Thursday, February 17, 2011

Spotlight List: Fantasy Classics

Spotlight List is a feature I do where I pick a topic or theme and then highlight some books that fall into that theme. 

Click here to view previous Spotlight Lists.

Fantasy Classics

I often feel like I should read more classics, but, honestly, a lot of them look sort of boring! I like fantasy adventures, not erudite critiques of the modern man's role in society juxtaposed against a blah blah blah. Have I lost you? I don't blame you.

I actually have found a bunch of classics that I really do love (Classics that are Actually Fun to Read), but the following list delves into pure fantasy with epic battles, incredible villains, swoon-worthy heroes, questing, fantastic creatures, and true love. Even better, they combine my love of fantasy with my desire to be (or at least pretend to be) "well read" because even hoity toity "high brow" readers recognize how much these books rock!

The Last Unicorn by Peter S. Beagle
Release Date: 1968
Pages: 224

I first fell in love with the animated movie, so I was a little nervous to read the book in case the two were widely different. Thankfully, they’re not. If you love one, then you’re sure to love the other. I, of course, highly recommend both. You follow a unicorn on her journey to find out what happened to all of the other unicorns (they’ve all disappeared). Along the way, she meets both friends and enemies, and the reader meets characters who will worm their way into your heart and memory. I’m a character girl, but the plot here is just as strong as the characters. Heartwarming, heartbreaking, hilarious, and scary, I’ve read the book and watched the movie about a bazillion times and I love the story more each time.

The Lord of the Rings by J. R. R. Tolkien
Release Date: 1955
Books in the series: 3

Do I really need to explain why this is a fantasy classic? Tolkien set the standard for epic fantasy. There’s questing, romance, battles, magic, mystery, and lore aplenty! The world building is top notch. If you enjoy the original trilogy, then there’s a wealth of companion books to get your Middle Earth fix. I’ll commit a little blasphemy by admitting that I find the story a lot more interesting than Tolkien’s writing style. I’m also really thankful to have seen the movies first. The movie characters breathe life into the more distant way Tolkien writes them.

The Princess Bride by William Goldman
Release Date: 1973
Pages: 328

This is one of the rare cases where I actually prefer the movie version, but the book is still excellent in its own right. The book is written in a style that may lead some readers to think this is a non-fiction account by William Goldman discussing the book The Princess Bride written by a man named S. Morgenstern. In reality, S. Morgenstern is a figment of Goldman’s imagination and The Princess Bride is entirely Goldman’s creation. I think this approach is initially clever, but dragged after a while and fell apart toward the end. You can easily skip the “non-fiction” sections of the book, however, and read only the sections that relate the Princess Bride storyline. Those parts are awesome. The story is engaging and laugh-out-loud hilarious. The movie basically took these funny fantasy parts and left out all the “non-fiction” parts.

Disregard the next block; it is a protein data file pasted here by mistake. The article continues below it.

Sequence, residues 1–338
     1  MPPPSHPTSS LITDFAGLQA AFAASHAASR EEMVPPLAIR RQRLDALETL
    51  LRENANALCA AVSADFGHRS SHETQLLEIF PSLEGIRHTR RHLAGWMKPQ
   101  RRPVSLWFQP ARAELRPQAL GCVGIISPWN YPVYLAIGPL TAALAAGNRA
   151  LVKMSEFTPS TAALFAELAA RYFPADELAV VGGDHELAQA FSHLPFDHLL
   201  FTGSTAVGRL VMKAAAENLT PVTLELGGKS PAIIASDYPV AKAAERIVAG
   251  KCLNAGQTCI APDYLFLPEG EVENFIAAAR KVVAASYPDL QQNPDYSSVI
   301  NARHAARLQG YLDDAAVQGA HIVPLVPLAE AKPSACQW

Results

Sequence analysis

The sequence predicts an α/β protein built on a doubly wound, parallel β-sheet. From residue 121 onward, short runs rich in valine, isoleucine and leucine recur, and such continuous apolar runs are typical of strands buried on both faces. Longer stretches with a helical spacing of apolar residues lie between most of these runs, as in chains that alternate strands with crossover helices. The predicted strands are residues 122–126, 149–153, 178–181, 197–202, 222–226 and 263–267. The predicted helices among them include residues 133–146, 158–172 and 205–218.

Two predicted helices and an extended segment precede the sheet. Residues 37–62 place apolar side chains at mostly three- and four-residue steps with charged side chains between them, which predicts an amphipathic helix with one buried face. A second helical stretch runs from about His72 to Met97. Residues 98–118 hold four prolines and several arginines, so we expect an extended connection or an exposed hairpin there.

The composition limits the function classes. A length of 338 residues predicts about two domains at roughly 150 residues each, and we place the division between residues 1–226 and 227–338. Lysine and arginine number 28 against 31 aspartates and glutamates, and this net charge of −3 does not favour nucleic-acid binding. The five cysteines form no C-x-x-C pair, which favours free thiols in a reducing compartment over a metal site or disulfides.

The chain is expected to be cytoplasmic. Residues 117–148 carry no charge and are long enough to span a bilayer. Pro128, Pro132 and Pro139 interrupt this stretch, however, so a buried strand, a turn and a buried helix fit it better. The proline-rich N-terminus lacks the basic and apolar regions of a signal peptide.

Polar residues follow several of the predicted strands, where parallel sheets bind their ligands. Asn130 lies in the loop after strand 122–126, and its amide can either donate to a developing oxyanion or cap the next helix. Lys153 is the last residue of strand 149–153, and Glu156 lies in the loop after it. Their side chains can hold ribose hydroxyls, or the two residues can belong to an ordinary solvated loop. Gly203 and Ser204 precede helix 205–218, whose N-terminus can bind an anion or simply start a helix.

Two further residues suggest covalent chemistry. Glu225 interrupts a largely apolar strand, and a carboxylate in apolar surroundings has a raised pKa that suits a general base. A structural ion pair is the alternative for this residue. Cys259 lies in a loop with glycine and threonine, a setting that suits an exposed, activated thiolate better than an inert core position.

The Once and Future King by T. H. White
Release Date: 1938-1941, omnibus in 1958
Pages: 640

I adore this book! For fans of Arthurian tales, this is an excellent choice. The book is broken up into four parts, and each part can be read separately. The first is The Sword in the Stone and follows Arthur as he grows up and learns from Merlin. This part is light and fun. If you’ve seen the Disney version, then you’ll have a fair idea of what happens here (the Disney movie is based on White’s story). The second section starts getting darker, introducing the characters who will play a role in the fall of Camelot and telling of the seduction of Arthur by his half-sister. The third part tells of the romance and betrayal of Arthur by Lancelot and Guenevere. The final part tells of Mordred and the fall of Camelot. Heavily influenced by world events (chiefly, WWII and psychoanalysis), White’s story can be read on multiple levels: A fantasy story about King Arthur, a psychoanalytic study, or a critique on war and different forms of government. His critiques are interesting and well-formed, but I love this book for the way he made Camelot and its inhabitants come alive.

The Chronicles of Narnia by C. S. Lewis
Release Date: 1950-1956
Books in the series: 7

When I was in elementary school, I used to watch the BBC version of The Lion, the Witch, and the Wardrobe every morning before school. I finally read the book years later, but I have to say it didn’t hold up for me. I found Lewis’s writing a little dry and better suited for a younger audience. I wish I had read the series when I was younger. The story is solid, though, and well worth a read. Aslan and the White Witch are epic characters every fantasy lover should acquaint themselves with. I have only read two of the seven stories, but I fully intend to finish the rest at some point. I can see the Christian messages, but I think they’re easily ignored if that’s not your thing.

Can you think of any other great fantasy classics?
Please feel free to share in the comments. I'm always on the lookout for suggestions!

Looking for more Spotlight Lists?


  1. I can't remember now if I read LOTR before or after the movies. I think I may have read them after Fellowship came out, but before Two Towers. At any rate, I certainly wouldn't have picked them up otherwise, because The Hobbit was a DNF for me. LOTR is one of the best examples of movies complementing the books. I'm so glad I actually read them.